Issue:  Vol. 48 / No. 11 / 15 March 2018

CA couple fights deportation


Alex Benshimol, left, and Doug Gentry are shown on their wedding day last July in Connecticut. (Photo: Courtesy Doug Gentry)
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A same-sex, binational California couple is set for a hearing before an immigration judge in San Francisco next week and is trying to stay together.

Doug Gentry, 53, a U.S. citizen, and his husband, Alex Benshimol, 47, have been together for six years. They were married in Connecticut in July 2010.

"We really don't have a second plan," Benshimol said. "We just want to stay together."

He added, "I don't have anything in Venezuela. ... No job, no house, nothing."

He also said he would be in danger if he returned to his native country. "It's a very difficult situation right now for gay people" there, Benshimol said.

"We've built our lives here," Gentry added. The men own a business, as well as a home. Plus, Gentry has two adult children in their 20s from a previous marriage.

Gentry lives full time in Cathedral City, which is near Palm Springs. Benshimol has been spending more time in San Francisco because the couple is hoping to expand their business – Alex's Pet Grooming – into the city, where they hope to eventually move.

Couple's history

Benshimol came to the United States in the late 1990s from Venezuela and overstayed a tourist visa. The couple met five years into Benshimol's 10-year visa, which expired in 2009.

Gentry filed a marriage-based green card petition for Benshimol in July 2010, but it was denied because of the Defense of Marriage Act, according to, which describes the couple's case. They submitted the petition again in June, citing federal developments related to same-sex binational couples, the site says.

Because of DOMA, the United States does not legally recognize gay and lesbian couples and their children as families.

But there have been some developments with DOMA. In February, U.S. Attorney General Eric Holder announced that the Department of Justice would no longer defend Section 3 of DOMA because it considers it unconstitutional. Section 3 states that the U.S. government will not, for federal purposes, recognize any same-sex marriage.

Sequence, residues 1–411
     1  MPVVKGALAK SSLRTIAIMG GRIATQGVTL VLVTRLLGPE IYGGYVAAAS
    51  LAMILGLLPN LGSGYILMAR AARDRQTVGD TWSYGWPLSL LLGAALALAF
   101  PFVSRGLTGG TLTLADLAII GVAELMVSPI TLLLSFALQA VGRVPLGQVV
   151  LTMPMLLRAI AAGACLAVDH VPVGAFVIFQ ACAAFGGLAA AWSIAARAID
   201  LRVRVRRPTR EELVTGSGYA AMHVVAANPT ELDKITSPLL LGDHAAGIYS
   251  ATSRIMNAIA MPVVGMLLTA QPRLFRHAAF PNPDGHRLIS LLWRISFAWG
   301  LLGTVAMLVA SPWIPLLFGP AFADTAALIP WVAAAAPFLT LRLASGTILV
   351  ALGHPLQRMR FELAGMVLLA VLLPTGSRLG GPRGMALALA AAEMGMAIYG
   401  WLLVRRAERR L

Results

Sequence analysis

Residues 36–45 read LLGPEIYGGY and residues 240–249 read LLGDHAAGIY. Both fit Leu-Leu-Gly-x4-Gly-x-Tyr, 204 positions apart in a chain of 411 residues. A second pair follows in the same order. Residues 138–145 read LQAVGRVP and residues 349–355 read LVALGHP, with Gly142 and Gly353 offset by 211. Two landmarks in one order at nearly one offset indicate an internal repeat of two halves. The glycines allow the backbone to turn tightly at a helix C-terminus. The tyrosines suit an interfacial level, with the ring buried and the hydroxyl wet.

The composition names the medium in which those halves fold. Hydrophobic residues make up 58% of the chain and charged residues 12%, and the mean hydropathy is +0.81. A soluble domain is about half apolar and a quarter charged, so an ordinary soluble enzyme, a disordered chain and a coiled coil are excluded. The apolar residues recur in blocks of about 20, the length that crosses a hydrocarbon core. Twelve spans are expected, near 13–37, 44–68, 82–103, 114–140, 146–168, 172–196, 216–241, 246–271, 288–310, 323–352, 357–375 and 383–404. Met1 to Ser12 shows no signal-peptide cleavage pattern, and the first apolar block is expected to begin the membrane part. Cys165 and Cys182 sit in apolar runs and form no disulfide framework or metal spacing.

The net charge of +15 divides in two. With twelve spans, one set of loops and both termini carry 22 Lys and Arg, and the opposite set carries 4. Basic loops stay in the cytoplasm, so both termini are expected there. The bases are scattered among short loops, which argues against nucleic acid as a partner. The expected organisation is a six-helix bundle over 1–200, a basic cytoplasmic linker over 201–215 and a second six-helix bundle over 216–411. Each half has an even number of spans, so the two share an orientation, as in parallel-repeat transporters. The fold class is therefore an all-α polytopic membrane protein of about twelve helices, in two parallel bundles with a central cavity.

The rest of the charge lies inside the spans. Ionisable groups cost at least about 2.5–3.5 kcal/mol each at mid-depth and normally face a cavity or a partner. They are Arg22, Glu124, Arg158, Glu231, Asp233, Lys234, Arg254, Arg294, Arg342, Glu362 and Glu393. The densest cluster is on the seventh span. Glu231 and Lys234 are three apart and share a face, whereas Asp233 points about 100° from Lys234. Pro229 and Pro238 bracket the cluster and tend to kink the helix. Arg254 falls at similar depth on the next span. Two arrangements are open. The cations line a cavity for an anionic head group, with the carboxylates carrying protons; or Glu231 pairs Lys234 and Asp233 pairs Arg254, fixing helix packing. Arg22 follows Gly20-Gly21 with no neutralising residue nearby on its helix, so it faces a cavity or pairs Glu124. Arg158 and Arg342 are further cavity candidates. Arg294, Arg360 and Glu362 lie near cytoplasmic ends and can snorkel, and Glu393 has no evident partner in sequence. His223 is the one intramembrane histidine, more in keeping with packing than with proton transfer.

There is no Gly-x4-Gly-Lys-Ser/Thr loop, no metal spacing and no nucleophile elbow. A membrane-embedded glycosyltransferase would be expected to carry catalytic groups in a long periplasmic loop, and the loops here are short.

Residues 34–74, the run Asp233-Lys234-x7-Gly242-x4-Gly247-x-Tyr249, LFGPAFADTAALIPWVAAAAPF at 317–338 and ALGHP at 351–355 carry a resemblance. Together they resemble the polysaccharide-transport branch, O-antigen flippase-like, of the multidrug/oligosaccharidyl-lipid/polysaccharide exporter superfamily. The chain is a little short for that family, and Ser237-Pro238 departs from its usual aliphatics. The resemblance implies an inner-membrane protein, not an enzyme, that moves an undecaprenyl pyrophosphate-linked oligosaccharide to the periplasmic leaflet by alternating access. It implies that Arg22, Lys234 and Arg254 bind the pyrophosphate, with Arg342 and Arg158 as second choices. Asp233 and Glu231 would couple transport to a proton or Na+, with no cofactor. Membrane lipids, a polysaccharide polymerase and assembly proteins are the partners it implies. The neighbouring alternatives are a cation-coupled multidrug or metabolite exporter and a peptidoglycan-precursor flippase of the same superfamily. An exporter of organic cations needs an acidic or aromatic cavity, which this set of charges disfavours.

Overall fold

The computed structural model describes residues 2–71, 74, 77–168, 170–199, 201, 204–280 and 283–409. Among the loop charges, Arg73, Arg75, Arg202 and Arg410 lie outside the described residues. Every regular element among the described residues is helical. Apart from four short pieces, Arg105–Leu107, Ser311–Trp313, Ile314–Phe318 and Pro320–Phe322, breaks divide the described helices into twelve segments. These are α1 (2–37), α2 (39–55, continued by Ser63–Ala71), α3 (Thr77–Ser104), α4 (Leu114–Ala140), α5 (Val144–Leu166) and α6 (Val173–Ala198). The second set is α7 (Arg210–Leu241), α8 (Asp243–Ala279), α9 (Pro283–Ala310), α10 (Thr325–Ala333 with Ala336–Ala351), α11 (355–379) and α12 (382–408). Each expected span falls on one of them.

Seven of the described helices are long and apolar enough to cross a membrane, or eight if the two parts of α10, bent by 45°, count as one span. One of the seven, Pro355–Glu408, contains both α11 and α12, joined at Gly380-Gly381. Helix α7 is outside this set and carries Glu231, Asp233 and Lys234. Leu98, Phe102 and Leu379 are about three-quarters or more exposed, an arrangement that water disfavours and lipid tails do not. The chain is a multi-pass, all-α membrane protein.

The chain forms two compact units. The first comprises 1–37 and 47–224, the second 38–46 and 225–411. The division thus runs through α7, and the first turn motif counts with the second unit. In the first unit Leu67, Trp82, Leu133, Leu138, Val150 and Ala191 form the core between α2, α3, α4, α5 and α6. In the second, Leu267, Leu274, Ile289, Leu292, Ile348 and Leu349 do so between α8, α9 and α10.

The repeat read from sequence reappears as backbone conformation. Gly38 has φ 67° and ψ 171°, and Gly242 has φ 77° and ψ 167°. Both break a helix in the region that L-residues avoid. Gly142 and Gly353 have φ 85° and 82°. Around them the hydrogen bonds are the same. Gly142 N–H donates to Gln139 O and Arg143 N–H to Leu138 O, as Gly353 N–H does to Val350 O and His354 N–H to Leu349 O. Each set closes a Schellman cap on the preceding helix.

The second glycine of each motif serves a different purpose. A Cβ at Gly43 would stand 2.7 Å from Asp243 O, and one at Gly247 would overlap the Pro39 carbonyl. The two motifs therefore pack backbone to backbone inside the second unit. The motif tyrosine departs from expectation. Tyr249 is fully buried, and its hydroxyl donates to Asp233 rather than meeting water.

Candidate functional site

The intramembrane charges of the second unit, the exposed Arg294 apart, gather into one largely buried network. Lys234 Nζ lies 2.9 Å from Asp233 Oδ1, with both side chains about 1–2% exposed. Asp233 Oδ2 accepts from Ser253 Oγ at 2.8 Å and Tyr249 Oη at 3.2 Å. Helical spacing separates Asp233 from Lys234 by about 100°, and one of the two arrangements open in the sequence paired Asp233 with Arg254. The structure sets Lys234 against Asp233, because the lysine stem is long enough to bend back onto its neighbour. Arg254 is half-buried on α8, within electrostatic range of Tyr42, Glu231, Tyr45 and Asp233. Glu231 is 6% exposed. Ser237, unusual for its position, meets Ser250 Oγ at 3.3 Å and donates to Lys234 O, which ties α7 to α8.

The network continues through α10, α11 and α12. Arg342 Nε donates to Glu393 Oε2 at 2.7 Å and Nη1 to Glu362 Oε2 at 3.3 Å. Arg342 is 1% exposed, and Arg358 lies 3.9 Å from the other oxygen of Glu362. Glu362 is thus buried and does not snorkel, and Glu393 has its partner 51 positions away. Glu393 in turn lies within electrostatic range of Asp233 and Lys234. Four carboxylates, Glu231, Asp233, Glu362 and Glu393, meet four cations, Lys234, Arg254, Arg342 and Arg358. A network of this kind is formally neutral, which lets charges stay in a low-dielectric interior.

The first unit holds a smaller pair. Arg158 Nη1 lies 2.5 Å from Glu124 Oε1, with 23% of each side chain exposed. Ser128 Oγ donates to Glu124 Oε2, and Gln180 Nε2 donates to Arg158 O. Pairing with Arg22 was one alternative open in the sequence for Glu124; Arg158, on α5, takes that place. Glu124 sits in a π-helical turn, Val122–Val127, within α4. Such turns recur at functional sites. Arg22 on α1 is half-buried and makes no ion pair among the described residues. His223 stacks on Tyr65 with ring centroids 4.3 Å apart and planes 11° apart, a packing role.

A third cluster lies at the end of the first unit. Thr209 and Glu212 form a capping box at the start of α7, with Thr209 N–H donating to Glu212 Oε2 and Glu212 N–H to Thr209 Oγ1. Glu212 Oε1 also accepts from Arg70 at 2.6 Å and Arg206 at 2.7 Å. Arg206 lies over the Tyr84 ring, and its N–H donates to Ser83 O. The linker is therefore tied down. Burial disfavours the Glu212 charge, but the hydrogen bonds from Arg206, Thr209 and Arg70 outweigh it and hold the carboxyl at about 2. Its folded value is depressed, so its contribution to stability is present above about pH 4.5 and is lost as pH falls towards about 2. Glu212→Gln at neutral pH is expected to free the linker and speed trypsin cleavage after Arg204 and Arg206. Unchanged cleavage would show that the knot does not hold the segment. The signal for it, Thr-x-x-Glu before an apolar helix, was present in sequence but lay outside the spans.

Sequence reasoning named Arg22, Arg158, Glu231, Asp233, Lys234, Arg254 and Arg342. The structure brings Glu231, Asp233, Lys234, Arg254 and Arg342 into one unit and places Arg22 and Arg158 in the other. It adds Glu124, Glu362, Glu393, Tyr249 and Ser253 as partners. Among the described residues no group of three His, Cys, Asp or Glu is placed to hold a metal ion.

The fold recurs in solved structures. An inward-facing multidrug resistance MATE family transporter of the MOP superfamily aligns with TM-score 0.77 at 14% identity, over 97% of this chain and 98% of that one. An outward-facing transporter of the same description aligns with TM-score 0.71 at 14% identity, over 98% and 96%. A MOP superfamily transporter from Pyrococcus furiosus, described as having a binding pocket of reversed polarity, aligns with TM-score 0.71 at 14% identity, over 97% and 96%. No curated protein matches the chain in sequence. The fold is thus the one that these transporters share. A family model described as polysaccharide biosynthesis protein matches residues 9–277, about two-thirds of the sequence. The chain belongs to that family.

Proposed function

The DOJ had also indicated it would continue to enforce DOMA until or unless the courts determined the law was unconstitutional. But some attorneys in the immigration field have questioned whether the Holder announcement might apply to immigration courts.

In May, Holder vacated a deportation ruling against a gay man, suggesting that his relationship with a New Jersey man might qualify him to be considered as a "spouse" under immigration laws.

Gentry and Benshimol have been working with immigration attorney Lavi Soloway. Another couple Soloway assisted recently is safe after U.S. Immigration and Customs Enforcement filed a motion with an immigration judge to close their deportation case. Soloway had requested that motion, which a judge in New Jersey granted.

Soloway said Tuesday, July 5 that in the California couple's situation, they would request this week that the government file a motion to administratively close the case, exercising prosecutorial discretion.

He said the goal is to resolve the case July 13, but there's a possibility "it would be ongoing for a while."

At the hearing, scheduled for that day, he said, they would "press on with our request for administrative closure of the case." He noted Gentry has a pending green card application and said, "We don't believe any deportation proceeding should go forward until that kind of petition has been resolved."

"We're breaking new ground with each one of these cases, so it's impossible to predict what the outcome will be," Soloway said.

Gentry said, "We're not asking for more than everyone else has. We're not asking for special rights. We're asking for equal rights."

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